Paramount: A new pin on London’s foodie hotspots map
If you are a Londoner, how many times have you stopped and stared at the 60s skyscraper Centre Point above Tottenham Court Road station? Child of a brutalist era that filled the city with unattractive concrete (think Barbican skyscrapers, National Theatre, Trellick tower…), on its top there are two things that should be seen: a very good restaurant and a hell of a view.
We shall start with a precious tip: when you book, ask for a table by the window. As you wait to be seated, walk to the floor above to experience the viewing gallery, a 360-degree area with a bar. No, it’s not one of those bars where they pester you to order; you can simply walk around and enjoy the amazing panorama from the heart of London.
Once you are seated overlooking the City, you can finally get down to the menu. Described as “modern European”, it includes French, Italian and also British cuisine – with none of the unnecessary cream of classic French cookery; more variety than the beloved Italian tradition; and trends coming from Spain and Germany. It’s the creation of Polish chef Krzysztof Zachwieja, recently appointed (September 2013) to bring Paramount to a higher level – metaphorically, unless there are planning permissions I’m not aware of.
It’s a Monday night and the restaurant is full, the clientele is smart but not snobby (pretty much the opposite of what you might find at Chiltern Firehouse) and the atmosphere is very pleasant. It’s a high-end place; drinks shift between £12 and £15 but if you fancy champagne you can get a delicious glass of Larmandier-Bernier for a very decent £13.
On a trendy black lacquer wood table, you’ll be served a classic portion of bread and butter as you wait for your mains.
We opt for the Pan Seared Foie Gras, Shallots, William Pear & Smoked Onion and Scottish Lobster, Island of Wight Tomato, Piquillo Pepper Emulsion & Tomato Consommé. The foie gras is a joy for your mouth (if you try not to think about how the duck was force-fed), a little too thinly cut but very tasty and perfectly cooked. The pear purée it comes with and the two different onions (shallot and smoked onion) create a perfect balance. The lobster looks great and it’s very refreshing – it’s a cold course, which I don’t expect. Every ingredient carries a distinct aroma but the plate lacks that spark that should result from combining each element. The glass of Sauvignon Blanc, Marlborough 2012 by Momo, from New Zealand, proves a good pairing.
Some people are more interested in starters. Chefs feel free to experiment further and be bold, and starters are also less expensive so we are unconsciously more inclined to take a risk. It’s true, there’s more room for fun with the menu, but at the end of the day, the most exciting moment is still the main course.
On the meat side there is duck, lamb, pork, veal and beef; they all look interesting but none of them stand out from the description. On the fish and veggie side we have skate, cod and risotto. There’s a bit of an imbalance there but I love meat therefore it’s not a problem and we choose to try the Challans Duck, Celeriac, Spring Carrots & Griottines Cherries and Trio of Aberdeen Angus Beef, Parsnip, Cipollini Onion, Sprouting Broccoli & Bordelaise Sauce. We also add a portion of Duck Fat Fried Chips: doesn’t it sound great? Unfortunately, the taste doesn’t meet the expectations at all.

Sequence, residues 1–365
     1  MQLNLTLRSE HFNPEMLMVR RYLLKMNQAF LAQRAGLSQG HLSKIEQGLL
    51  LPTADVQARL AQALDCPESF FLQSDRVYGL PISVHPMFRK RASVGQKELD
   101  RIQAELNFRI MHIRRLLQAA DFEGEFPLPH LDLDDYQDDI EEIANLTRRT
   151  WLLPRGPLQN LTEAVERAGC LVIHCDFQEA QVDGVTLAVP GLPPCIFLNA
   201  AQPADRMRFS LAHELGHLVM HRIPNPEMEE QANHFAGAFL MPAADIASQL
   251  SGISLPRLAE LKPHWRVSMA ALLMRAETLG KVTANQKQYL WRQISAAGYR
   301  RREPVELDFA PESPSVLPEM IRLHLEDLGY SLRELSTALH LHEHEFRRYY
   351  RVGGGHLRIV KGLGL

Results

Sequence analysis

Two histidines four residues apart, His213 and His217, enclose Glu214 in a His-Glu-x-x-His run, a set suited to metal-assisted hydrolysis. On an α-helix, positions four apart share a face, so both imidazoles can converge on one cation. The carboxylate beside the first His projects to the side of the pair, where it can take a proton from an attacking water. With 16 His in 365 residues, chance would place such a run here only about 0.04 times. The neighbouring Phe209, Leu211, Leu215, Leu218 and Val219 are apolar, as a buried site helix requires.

The courses are both very good, especially the duck: the exquisite medium-rare cookery offers you a well-caramelised coating and a pink centre. All the vegetables in the dish are where you want them to be and create that x-factor when combined in your mouth. Especially when you are also sipping a glass of Pinot Noir, Marlborough & Henderson 2011 by Babich East Coast (again from New Zealand). The highlight of the trio of beef cuts is the super-soft braised short rib (I guess it’s cooked for at least twelve hours), although the rib eye and bone marrow are good as well. I love to use purple sprouting broccoli with meat so that’s another plus; though on the other hand, the parsnip purée is not mind-blowing.
The fateful dessert can always be a risky end to a meal, but luckily the chef plays it safe offering only the classics. Without hesitation, I go with the Warm Valhrona Chocolate Fondant, White Chocolate Ice Cream & White Chocolate Sauce and we also try the Tahitian Vanilla Crème Brulée & Cinnamon Tuile. Both are solid dishes, offering neither excitement or disappointment.
Paramount is a place worth trying: if you’ve never been it’s time to go and experience a pleasant and unpretentious fine-dining evening; if you have been in the past, forget your last visit – it’s totally different now and is becoming another pin on London’s map of foodie hotspots.
Filippo L’Astorina, the Editor
Photos: Laura Denti
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To book a table at Paramount, Centre Point, 101-103 New Oxford St, London WC1A 1DD, call 020 7420 2900 or enquire here.